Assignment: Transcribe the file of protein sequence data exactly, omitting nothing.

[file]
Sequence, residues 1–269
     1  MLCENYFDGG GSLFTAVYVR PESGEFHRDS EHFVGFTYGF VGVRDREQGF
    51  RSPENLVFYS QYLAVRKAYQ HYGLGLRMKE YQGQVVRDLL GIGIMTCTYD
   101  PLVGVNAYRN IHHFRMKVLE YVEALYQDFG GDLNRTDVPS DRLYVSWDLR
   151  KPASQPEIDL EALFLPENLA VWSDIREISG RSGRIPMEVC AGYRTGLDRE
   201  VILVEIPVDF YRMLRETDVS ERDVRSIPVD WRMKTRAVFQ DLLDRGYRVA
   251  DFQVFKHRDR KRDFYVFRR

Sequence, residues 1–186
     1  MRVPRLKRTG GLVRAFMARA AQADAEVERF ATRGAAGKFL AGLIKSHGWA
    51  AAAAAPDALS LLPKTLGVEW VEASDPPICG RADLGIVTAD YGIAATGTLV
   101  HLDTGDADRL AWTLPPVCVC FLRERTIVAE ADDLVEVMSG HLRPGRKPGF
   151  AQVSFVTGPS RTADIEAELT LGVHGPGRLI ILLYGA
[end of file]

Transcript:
Sequence, residues 1–269
     1  MLCENYFDGG GSLFTAVYVR PESGEFHRDS EHFVGFTYGF VGVRDREQGF
    51  RSPENLVFYS QYLAVRKAYQ HYGLGLRMKE YQGQVVRDLL GIGIMTCTYD
   101  PLVGVNAYRN IHHFRMKVLE YVEALYQDFG GDLNRTDVPS DRLYVSWDLR
   151  KPASQPEIDL EALFLPENLA VWSDIREISG RSGRIPMEVC AGYRTGLDRE
   201  VILVEIPVDF YRMLRETDVS ERDVRSIPVD WRMKTRAVFQ DLLDRGYRVA
   251  DFQVFKHRDR KRDFYVFRR

Sequence, residues 1–186
     1  MRVPRLKRTG GLVRAFMARA AQADAEVERF ATRGAAGKFL AGLIKSHGWA
    51  AAAAAPDALS LLPKTLGVEW VEASDPPICG RADLGIVTAD YGIAATGTLV
   101  HLDTGDADRL AWTLPPVCVC FLRERTIVAE ADDLVEVMSG HLRPGRKPGF
   151  AQVSFVTGPS RTADIEAELT LGVHGPGRLI ILLYGA